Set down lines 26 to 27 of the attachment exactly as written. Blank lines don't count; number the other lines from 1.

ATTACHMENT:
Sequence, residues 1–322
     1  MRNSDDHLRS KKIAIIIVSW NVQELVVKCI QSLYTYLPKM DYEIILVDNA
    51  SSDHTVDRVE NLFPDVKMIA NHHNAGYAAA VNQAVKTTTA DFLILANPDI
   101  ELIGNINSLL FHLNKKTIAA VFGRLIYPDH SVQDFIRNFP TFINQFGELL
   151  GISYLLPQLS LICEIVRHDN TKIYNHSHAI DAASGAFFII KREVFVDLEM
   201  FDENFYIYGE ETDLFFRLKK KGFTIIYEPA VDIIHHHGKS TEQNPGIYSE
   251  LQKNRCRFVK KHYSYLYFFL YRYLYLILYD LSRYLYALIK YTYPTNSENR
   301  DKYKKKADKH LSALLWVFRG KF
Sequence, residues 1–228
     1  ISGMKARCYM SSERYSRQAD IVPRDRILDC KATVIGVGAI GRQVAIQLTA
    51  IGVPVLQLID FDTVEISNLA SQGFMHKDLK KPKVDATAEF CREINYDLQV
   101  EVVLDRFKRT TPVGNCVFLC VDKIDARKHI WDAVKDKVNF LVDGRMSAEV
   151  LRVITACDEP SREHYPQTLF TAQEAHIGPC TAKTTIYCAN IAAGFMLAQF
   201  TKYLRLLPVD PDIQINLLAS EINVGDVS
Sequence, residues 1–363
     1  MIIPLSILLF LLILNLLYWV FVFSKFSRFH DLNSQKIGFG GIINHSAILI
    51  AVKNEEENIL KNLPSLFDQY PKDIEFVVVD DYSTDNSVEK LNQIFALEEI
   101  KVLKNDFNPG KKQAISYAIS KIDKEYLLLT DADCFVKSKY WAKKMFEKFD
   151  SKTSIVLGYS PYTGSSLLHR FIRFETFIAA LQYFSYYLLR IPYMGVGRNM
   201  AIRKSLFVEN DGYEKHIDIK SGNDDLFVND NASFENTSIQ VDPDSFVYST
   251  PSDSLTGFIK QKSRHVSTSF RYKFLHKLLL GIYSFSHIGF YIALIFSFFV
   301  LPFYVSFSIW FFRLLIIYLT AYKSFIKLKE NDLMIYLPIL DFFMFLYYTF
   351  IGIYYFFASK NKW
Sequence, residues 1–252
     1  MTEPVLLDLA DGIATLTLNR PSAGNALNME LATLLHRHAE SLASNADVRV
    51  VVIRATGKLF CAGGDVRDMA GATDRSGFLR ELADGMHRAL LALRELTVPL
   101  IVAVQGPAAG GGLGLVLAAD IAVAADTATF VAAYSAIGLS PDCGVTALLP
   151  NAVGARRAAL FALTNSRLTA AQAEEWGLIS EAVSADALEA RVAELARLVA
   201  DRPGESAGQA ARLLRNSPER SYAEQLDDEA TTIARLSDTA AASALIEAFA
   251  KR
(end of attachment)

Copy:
    51  VVIRATGKLF CAGGDVRDMA GATDRSGFLR ELADGMHRAL LALRELTVPL
   101  IVAVQGPAAG GGLGLVLAAD IAVAADTATF VAAYSAIGLS PDCGVTALLP